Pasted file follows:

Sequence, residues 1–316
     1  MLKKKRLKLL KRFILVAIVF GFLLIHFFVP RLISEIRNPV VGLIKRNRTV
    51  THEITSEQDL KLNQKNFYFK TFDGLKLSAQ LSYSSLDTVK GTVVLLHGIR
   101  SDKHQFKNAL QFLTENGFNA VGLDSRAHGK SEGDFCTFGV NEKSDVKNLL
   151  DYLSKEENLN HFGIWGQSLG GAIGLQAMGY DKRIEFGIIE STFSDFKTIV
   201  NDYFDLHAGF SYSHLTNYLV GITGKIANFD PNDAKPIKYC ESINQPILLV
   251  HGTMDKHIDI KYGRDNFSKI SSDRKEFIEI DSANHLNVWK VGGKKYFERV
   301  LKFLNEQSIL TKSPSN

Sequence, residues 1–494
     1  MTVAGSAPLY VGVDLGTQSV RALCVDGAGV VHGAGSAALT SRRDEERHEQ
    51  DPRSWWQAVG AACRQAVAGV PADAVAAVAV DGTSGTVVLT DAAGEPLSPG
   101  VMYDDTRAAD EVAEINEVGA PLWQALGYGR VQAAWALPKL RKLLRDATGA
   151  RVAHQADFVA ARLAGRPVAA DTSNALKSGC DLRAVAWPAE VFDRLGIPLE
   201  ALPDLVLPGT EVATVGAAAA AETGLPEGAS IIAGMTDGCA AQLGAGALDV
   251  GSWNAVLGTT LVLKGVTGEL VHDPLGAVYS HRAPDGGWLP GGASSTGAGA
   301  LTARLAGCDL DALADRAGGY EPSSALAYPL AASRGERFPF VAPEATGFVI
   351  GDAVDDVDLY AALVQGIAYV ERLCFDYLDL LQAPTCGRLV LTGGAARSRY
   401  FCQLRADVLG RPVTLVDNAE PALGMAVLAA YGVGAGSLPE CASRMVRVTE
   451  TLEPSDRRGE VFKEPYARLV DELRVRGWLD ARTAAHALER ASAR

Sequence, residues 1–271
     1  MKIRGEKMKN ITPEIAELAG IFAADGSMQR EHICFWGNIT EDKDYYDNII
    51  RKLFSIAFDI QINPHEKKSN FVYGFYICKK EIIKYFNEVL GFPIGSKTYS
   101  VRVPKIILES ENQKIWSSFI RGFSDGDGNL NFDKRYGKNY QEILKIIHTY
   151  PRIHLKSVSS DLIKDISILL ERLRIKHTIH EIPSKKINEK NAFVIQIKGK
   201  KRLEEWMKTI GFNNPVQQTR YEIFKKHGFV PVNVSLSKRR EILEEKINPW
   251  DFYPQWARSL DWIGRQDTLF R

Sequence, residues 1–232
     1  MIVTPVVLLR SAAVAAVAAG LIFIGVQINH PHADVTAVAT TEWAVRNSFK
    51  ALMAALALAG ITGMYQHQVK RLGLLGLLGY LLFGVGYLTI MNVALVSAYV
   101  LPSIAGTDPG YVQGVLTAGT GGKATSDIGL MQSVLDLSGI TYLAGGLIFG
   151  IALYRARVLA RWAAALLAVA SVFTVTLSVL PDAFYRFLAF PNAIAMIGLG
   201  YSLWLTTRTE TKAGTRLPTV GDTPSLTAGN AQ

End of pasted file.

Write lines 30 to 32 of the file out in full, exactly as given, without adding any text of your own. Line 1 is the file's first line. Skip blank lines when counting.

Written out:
   101  LPSIAGTDPG YVQGVLTAGT GGKATSDIGL MQSVLDLSGI TYLAGGLIFG
   151  IALYRARVLA RWAAALLAVA SVFTVTLSVL PDAFYRFLAF PNAIAMIGLG
   201  YSLWLTTRTE TKAGTRLPTV GDTPSLTAGN AQ